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Florida Man (and Woman) might decide the U.S. election. And they’re acting like they know it


Florida Man (and Woman) might decide the U.S. election. And they’re acting like they know it

TAMPA—In the frantic final days before the U.S. election, the world turns its anxious eyes to Florida. Home of sun and sand, swamps and gators, retirees, partying students, con men and baseball spring training, “Miami Vice” and Disney nice. Adopted home of President Donald J. Trump. Birthplace of a million wild headlines about the misadventures of “Florida Man.”

You learn quickly on a visit during election season that Florida Man and Florida Woman alike consider politics a participation sport.

Voters approaching an early voting station at a library in Tampa on Friday encountered something like a college football tailgate party. Out at the edge of the parking lot, dozens of people waved flags and signs bearing the names of candidates for president and statehouse and Congress and judge, wearing party colours and costumes.

One man wore a giant-sized Donald Trump mask over his face, flexing and flipping his thumbs up while his friend waved a giant Make America Great Again banner over his head. Under a Biden/Harris banner, another man’s hand-lettered sign said “Be Kind. Vote.”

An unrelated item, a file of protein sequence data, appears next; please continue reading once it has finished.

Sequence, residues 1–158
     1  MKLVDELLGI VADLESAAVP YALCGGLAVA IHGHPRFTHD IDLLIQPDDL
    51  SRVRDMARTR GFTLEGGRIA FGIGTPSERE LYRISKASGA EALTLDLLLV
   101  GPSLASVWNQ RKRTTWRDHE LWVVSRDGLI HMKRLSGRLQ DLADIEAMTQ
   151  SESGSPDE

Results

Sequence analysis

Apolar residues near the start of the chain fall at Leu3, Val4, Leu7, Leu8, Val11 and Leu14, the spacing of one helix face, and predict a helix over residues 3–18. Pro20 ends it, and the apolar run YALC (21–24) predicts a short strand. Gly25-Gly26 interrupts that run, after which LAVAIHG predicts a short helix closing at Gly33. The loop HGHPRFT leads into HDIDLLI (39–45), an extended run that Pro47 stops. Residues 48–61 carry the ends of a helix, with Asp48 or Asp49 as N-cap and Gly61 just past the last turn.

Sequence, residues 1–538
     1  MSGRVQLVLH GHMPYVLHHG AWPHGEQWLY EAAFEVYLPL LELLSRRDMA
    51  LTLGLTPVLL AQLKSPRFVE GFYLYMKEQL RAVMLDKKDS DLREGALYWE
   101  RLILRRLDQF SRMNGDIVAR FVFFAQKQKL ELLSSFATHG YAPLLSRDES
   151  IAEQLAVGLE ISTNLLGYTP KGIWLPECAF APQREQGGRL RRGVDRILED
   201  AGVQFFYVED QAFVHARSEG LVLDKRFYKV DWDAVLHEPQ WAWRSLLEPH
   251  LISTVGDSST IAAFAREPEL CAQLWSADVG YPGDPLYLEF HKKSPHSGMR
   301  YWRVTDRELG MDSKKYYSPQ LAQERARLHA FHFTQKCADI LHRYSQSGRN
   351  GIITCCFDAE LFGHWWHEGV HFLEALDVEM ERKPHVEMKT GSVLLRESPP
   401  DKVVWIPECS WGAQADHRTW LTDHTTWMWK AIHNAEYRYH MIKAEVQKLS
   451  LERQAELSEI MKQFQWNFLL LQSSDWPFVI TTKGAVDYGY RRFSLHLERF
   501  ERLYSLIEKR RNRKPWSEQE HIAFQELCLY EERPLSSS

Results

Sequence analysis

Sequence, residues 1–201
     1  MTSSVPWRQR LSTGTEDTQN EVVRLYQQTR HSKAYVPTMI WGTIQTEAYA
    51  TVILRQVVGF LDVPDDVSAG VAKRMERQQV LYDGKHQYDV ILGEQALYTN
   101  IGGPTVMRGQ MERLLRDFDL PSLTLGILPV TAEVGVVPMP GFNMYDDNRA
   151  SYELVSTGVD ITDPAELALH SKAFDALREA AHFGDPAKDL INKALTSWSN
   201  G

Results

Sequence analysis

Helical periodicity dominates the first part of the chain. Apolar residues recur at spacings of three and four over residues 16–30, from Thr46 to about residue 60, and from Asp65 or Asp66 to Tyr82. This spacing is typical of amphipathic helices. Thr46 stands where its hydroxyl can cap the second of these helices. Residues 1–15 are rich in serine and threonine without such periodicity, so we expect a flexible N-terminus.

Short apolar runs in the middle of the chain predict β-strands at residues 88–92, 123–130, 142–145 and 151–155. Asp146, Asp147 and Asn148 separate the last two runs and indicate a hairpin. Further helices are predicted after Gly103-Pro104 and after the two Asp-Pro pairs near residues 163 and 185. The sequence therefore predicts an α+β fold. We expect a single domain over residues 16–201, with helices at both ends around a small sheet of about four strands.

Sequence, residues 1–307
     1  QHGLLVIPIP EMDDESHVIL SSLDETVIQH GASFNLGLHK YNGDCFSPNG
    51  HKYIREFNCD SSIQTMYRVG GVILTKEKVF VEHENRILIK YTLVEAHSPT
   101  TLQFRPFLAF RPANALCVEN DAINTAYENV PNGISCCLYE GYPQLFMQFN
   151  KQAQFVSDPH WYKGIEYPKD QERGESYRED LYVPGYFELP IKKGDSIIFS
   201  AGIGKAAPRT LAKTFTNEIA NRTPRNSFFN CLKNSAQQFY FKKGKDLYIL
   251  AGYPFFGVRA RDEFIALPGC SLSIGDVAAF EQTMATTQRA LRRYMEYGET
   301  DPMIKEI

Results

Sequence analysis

The passing traffic responded with a blaring chorus of honking horns and shouts, a cacophony of democratic expression from which it was impossible to decipher partisan intent. In the parking lot, there were tents where you could pick up free campaign signs from both parties, there were candidates from local races introducing themselves, there was music blaring from a sound system, and a pickup truck circling the parking lot festooned with giant Trump flags and smaller Stars and Stripes.

And then, off to the side at a legally mandated distance, there was the 45-minute line to get into the voting booths.

“Feeling good, especially with everyone I’ve been talking to, about a lot of things that have come out recently,” said Jared Hyatt, holder of a giant Trump flag near the sidewalk, elaborating on the Hunter Biden story of alleged corruption that Trump’s campaign has leaned on in the final weeks of the campaign.

“You have Biden’s campaign literally raising money to bail out rioters that are literally destroying our country. I know people that actually voted for Hillary (Clinton) that don’t understand what has happened with the Democratic party in this country.”

Kip Eldridge has spent a few days out waving the Biden banner in this same spot, he said, shrugging off shouted abuse (catcalls, four-letter words and wild accusations of pedophilia) from Trump supporters driving past.

“I’m feeling cautiously optimistic,” Elridge said earlier in downtown Tampa at a different voting location, before we both headed here. “I think this election is basically either going to be a slow demise of the system we’ve had for a couple hundred years, or we’re going to get back to what the country was founded upon, as a democracy that evolves and constantly grows.”

Almost everyone you talk to here, like in much of the country, has that sense that something essential is at stake. And now, so much of it seems to come down to Florida.

It always seems to come down to Florida.